Complexity is a subject which makes it into many popular science books, but this is often not written by those doing the research. Two's Company, Three is Complexity
is a non-technical account of complexity science written by Neil Johnson, who is an active researcher in the subject. The book includes a look at the formation of crowds as well as anti-crowds
. There are also chapters on traffic flow, on financial markets and on the difficulties of finding a partner. The study of biological networks is an important part of complexity science, and Johnson describes work on the distribution of nutrients in fungi as well as looking at work which may lead to new treatments for cancer. At the end of the book Johnson takes a look at quantum entanglement, and the new forms of complexity which this implies.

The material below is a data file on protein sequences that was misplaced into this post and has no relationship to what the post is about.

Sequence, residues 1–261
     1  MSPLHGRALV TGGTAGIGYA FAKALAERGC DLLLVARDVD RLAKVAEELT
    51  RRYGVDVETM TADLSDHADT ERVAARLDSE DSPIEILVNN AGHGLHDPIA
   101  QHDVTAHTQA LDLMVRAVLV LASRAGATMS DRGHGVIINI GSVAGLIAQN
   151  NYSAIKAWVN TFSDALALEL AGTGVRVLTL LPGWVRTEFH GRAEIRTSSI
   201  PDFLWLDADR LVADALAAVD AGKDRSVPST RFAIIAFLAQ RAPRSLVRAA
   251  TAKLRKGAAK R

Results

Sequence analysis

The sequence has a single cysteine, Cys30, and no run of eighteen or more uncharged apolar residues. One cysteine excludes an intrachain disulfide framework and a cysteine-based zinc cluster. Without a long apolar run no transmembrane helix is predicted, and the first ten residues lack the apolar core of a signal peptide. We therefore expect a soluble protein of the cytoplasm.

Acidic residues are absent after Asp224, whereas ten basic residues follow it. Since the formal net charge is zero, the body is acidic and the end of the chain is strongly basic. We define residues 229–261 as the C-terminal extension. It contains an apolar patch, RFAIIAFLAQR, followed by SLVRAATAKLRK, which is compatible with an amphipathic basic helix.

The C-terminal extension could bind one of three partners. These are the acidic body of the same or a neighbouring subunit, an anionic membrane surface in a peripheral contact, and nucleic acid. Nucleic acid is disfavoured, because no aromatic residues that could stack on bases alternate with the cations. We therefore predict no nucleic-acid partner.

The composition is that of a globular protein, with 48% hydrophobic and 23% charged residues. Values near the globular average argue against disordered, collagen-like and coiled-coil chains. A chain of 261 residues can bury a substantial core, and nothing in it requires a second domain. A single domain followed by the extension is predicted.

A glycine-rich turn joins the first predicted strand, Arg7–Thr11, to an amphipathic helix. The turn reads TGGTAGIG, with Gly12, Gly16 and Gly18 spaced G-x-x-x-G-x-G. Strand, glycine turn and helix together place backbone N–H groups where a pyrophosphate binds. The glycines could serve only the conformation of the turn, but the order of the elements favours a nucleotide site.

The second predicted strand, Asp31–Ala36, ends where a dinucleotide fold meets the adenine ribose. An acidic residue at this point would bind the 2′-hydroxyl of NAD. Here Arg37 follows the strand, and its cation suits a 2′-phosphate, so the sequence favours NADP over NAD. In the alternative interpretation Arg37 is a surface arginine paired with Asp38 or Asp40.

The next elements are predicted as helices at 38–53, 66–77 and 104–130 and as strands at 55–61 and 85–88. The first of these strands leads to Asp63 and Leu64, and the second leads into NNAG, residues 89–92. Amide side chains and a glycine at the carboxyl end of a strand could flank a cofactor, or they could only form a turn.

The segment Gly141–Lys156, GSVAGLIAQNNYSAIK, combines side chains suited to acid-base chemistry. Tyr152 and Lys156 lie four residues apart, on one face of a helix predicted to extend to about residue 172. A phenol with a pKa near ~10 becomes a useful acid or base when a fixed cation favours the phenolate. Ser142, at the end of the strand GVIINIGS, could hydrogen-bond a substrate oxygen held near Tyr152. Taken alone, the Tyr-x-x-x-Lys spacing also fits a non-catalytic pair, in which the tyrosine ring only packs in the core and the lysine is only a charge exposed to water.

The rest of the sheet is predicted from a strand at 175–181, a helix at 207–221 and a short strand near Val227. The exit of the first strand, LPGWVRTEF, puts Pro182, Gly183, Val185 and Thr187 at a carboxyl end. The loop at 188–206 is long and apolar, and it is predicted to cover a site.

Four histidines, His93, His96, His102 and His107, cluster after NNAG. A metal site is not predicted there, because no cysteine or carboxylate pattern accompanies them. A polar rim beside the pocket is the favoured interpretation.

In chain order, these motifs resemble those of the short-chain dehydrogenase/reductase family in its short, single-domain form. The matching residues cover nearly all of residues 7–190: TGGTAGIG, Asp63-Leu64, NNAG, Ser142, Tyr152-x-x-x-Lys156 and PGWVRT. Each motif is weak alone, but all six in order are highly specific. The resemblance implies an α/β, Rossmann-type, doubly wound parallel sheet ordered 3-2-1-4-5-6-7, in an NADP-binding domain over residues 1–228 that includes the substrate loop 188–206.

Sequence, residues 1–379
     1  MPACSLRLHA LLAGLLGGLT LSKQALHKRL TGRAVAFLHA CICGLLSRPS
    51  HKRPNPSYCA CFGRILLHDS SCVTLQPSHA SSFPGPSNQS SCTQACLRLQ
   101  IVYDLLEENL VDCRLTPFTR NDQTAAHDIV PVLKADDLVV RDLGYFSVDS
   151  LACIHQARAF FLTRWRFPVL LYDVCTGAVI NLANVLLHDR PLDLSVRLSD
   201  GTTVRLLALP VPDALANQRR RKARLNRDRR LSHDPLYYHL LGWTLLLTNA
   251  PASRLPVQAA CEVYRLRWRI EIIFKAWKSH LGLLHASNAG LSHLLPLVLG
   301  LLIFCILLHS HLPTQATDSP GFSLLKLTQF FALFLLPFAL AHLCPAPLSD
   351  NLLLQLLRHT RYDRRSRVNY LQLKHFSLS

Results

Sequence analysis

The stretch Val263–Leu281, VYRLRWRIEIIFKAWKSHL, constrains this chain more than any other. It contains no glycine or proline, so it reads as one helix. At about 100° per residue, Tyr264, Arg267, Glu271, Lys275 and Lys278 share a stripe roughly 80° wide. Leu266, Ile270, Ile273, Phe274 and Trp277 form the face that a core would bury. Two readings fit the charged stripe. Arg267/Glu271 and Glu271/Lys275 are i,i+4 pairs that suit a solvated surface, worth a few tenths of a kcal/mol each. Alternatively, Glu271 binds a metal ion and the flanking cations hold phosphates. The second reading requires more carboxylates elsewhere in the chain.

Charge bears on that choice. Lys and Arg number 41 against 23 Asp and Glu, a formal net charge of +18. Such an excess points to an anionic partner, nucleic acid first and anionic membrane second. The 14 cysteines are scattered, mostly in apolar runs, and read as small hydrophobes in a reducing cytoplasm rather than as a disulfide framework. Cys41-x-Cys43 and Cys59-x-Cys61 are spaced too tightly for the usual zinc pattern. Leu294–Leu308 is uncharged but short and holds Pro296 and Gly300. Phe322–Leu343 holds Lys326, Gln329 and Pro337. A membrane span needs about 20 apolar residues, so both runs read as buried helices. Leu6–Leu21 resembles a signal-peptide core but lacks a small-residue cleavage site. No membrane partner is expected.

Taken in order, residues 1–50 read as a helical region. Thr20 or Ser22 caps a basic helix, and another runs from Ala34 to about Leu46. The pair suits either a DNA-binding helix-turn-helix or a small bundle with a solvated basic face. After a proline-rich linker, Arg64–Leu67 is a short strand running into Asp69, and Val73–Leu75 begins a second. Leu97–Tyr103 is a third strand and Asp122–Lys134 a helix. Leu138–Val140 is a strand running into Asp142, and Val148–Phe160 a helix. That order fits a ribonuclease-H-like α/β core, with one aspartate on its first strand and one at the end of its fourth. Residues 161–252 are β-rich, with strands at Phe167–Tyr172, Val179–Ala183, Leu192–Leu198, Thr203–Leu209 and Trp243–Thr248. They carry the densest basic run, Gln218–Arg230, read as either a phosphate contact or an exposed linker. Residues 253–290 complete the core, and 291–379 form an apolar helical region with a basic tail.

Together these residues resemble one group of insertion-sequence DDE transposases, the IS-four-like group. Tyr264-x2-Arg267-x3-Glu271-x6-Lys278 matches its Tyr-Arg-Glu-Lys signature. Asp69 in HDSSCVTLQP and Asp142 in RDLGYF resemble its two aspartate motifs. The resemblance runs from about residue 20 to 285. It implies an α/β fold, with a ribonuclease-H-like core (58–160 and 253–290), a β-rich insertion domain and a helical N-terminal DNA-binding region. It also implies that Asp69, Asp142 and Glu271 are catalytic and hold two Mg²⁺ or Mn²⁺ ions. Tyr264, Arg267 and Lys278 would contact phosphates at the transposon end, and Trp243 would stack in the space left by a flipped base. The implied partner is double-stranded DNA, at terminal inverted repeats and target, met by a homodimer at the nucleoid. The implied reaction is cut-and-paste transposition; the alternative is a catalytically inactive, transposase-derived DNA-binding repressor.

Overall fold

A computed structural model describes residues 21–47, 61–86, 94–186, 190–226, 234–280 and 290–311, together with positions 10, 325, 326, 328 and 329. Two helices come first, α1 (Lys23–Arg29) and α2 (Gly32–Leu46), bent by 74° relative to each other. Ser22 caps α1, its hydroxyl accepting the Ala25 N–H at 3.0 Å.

I felt, though, that this book doesn't present the subject in the most interesting way. Naturally a book like this should avoid too much mathematics, but instead Johnson seems to get bogged down with a metaphor about moivng a file up and down on shelves, which doesn't seem to lead anywhere. Also, I would have liked to hear more of the results of research - Johnson describes what work is being done, but there isn't so much of the sometimes counterintuitive outcomes one has come to expect from complexity science. I feel that the book would have been bette if had been written from a more personal viewpoint - what challenges Johnson has faced, who are the upcoming people in the subject, and the like. On the plus side, the book does have an extensive list of recent research papers, and if you were planning to read some of these then this book would be a useful intoduction to the subject.